Huge medical breakthroughs mean that cancer is no longer a guaranteed ‘death sentence’, top experts have said. Data shows survival rates have soared over the past 50 years. Only one in four men with prostate cancer in the 1970s would be lucky enough to live to see the next decade. Today the reverse is true, with 75 per cent of men diagnosed with the disease still alive a decade later, figures show

It comes after analysis yesterday revealed the typical wait for routine care, not for cancer, is around 19 weeks in Wales and 14 weeks in England.

The median wait for treatment after referral in England was 14.3 weeks in June, the most recently available month for which data is available.

This has been relatively stable in recent months, down from 14.6 weeks in January 2023 but up slightly from 14.1 weeks in May.

However, the median wait for treatment after referral in Wales was 19.1 weeks in May, the most recently available month for which data is available.

Sir Keir praised the Welsh government run by Mark Drakeford last March, saying it is ‘living proof of what Labour in power looks like — how things can be done differently and better’.

On Sunday, Health Secretary Steve Barclay wrote to Welsh and Scottish ministers to say he is ‘open to requests’ for their patients to be treated on the NHS in England amid record waits for care in the devolved nations.

In response, Wales’ health minister Eluned Morgan accused Mr Barclay of a ‘naked political hit’ — but admitted waiting times were a problem.

The health service says the changes will benefit patients — but campaigners warn that current performance against the indicators is ‘shockingly bad’ and described the move to axe them ‘deeply worrying’.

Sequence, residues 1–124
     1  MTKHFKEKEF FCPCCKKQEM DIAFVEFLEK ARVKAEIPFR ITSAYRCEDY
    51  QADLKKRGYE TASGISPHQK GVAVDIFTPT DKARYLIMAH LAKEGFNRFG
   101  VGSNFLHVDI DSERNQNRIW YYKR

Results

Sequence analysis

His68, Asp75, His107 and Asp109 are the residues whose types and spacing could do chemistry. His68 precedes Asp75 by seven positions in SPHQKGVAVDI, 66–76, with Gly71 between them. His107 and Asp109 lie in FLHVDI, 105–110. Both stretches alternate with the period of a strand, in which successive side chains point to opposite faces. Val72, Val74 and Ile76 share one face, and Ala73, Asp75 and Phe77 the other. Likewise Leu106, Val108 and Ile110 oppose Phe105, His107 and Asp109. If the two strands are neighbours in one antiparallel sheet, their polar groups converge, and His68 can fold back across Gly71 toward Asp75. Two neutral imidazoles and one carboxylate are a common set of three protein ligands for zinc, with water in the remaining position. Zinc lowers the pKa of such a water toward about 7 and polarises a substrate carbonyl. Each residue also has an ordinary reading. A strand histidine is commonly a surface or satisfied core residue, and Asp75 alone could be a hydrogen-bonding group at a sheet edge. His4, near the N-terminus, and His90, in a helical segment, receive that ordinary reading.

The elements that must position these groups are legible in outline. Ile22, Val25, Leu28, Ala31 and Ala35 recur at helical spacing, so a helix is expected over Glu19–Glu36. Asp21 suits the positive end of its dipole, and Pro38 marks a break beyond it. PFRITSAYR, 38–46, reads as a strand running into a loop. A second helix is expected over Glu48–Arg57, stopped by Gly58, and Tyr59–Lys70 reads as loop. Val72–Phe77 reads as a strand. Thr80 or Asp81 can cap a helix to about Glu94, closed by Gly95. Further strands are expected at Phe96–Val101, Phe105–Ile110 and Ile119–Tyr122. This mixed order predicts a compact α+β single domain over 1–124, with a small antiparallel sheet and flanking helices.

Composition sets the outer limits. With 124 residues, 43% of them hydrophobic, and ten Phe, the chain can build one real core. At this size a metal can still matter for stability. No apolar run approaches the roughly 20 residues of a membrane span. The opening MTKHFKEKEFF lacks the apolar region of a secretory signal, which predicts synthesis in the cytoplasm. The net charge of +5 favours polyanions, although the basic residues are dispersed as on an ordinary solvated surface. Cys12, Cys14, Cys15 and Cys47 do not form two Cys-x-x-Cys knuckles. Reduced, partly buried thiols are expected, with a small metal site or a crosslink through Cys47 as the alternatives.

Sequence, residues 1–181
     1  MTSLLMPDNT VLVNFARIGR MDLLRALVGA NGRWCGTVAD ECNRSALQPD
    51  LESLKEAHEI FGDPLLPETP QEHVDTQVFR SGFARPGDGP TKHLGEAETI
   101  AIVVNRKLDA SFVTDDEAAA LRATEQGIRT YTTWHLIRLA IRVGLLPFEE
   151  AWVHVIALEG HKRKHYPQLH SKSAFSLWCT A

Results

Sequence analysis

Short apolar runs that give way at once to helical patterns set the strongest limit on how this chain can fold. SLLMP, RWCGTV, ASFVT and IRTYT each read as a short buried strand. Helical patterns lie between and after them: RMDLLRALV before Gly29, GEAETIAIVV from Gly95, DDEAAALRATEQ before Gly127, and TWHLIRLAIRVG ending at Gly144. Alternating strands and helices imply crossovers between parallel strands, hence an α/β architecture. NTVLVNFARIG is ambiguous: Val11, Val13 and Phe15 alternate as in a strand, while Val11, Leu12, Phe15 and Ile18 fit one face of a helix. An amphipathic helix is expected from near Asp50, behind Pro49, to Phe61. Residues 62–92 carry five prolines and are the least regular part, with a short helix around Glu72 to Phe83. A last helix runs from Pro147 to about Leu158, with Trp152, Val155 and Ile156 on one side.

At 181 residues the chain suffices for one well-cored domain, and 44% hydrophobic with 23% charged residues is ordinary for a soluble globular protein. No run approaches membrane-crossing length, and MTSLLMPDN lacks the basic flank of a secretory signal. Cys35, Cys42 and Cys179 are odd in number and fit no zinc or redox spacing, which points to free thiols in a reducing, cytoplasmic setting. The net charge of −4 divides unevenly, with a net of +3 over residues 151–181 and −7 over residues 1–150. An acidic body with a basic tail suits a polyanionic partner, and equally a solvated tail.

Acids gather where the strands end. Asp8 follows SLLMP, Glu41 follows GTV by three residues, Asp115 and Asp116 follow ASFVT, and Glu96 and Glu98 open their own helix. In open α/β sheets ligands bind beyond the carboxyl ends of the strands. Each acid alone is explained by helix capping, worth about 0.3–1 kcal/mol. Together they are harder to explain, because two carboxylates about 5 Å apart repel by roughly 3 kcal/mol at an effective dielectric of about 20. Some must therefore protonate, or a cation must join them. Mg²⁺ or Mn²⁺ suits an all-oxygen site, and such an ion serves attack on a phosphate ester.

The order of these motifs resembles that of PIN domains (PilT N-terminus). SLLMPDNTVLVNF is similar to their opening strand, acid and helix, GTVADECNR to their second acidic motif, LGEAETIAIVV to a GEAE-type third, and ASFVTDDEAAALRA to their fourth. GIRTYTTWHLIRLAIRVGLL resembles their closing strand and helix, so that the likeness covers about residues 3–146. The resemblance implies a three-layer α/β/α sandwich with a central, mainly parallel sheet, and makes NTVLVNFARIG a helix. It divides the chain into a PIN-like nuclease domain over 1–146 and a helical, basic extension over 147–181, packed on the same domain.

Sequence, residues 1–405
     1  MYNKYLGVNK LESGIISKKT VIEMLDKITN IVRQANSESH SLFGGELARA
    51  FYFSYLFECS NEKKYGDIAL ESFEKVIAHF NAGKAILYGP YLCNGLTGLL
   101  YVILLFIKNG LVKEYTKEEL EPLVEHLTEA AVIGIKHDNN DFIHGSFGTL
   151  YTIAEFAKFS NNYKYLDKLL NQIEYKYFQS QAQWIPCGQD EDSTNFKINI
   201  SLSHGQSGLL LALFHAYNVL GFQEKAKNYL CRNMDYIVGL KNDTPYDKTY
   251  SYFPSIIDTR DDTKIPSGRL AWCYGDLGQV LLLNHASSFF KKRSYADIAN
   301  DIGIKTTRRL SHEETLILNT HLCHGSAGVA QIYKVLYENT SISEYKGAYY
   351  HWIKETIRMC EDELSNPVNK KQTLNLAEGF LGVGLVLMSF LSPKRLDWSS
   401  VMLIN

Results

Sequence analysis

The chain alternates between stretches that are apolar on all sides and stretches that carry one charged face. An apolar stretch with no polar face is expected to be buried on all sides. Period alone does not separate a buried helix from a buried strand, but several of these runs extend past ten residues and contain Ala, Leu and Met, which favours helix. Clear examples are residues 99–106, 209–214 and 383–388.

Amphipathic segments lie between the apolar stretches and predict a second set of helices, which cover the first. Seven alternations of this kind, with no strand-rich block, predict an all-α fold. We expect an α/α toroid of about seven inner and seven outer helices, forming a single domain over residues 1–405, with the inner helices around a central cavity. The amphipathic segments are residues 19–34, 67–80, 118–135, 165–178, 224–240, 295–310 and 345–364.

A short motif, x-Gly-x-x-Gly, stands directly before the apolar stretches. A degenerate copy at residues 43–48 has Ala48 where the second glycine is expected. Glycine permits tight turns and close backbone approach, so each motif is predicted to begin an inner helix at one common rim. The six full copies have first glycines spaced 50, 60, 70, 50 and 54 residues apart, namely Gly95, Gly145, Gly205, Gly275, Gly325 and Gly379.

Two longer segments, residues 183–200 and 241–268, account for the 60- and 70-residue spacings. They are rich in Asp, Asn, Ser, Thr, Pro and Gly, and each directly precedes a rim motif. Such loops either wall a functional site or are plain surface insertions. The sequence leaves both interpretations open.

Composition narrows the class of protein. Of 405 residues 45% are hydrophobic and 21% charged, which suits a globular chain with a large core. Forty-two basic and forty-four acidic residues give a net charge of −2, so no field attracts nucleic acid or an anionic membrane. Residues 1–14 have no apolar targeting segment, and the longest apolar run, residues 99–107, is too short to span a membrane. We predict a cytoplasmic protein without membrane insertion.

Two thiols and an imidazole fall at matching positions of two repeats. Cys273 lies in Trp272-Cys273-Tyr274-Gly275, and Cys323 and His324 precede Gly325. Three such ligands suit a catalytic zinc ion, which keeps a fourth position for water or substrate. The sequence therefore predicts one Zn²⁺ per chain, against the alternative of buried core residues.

Analysis by MailOnline last month also revealed the scale of England’s ‘disgraceful’ cancer crisis.

Just one hospital — Calderdale and Huddersfield — out of more than 120 across the country has managed to hit the biggest four of the ten cancer time targets so far in 2023.

Charities claim declining numbers of staff, combined with the knock-on effects of Covid, have created a perfect storm.

NHS bosses argue they are seeing more patients than ever as part of the fight against cancer, despite the slump in performance.

For instance, urgent referrals have doubled in a decade, largely down to government awareness campaigns urging patients to come forward with suspected symptoms.

NHS chiefs also say the majority of cancer-stricken patients are happy with the care they receive.

Survival rates are also at an all-time high thanks to medical advances and schemes designed to spot the disease early, when it is easier to treat.